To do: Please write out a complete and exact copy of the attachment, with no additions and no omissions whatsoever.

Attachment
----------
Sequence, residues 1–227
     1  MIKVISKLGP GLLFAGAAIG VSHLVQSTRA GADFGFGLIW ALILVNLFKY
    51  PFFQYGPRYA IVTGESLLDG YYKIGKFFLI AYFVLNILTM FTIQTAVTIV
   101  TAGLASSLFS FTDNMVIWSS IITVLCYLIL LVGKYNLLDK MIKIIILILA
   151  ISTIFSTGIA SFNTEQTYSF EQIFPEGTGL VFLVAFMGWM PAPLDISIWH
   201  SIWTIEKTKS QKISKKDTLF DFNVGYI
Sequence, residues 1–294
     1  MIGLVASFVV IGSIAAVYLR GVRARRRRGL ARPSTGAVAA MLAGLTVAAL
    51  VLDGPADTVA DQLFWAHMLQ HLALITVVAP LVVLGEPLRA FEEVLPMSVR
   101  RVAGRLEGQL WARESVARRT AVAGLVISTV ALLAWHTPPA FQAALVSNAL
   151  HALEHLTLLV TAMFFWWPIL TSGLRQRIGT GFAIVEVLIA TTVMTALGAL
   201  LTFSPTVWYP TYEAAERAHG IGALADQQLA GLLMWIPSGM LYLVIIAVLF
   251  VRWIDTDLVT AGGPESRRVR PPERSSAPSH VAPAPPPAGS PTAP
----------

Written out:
Sequence, residues 1–227
     1  MIKVISKLGP GLLFAGAAIG VSHLVQSTRA GADFGFGLIW ALILVNLFKY
    51  PFFQYGPRYA IVTGESLLDG YYKIGKFFLI AYFVLNILTM FTIQTAVTIV
   101  TAGLASSLFS FTDNMVIWSS IITVLCYLIL LVGKYNLLDK MIKIIILILA
   151  ISTIFSTGIA SFNTEQTYSF EQIFPEGTGL VFLVAFMGWM PAPLDISIWH
   201  SIWTIEKTKS QKISKKDTLF DFNVGYI
Sequence, residues 1–294
     1  MIGLVASFVV IGSIAAVYLR GVRARRRRGL ARPSTGAVAA MLAGLTVAAL
    51  VLDGPADTVA DQLFWAHMLQ HLALITVVAP LVVLGEPLRA FEEVLPMSVR
   101  RVAGRLEGQL WARESVARRT AVAGLVISTV ALLAWHTPPA FQAALVSNAL
   151  HALEHLTLLV TAMFFWWPIL TSGLRQRIGT GFAIVEVLIA TTVMTALGAL
   201  LTFSPTVWYP TYEAAERAHG IGALADQQLA GLLMWIPSGM LYLVIIAVLF
   251  VRWIDTDLVT AGGPESRRVR PPERSSAPSH VAPAPPPAGS PTAP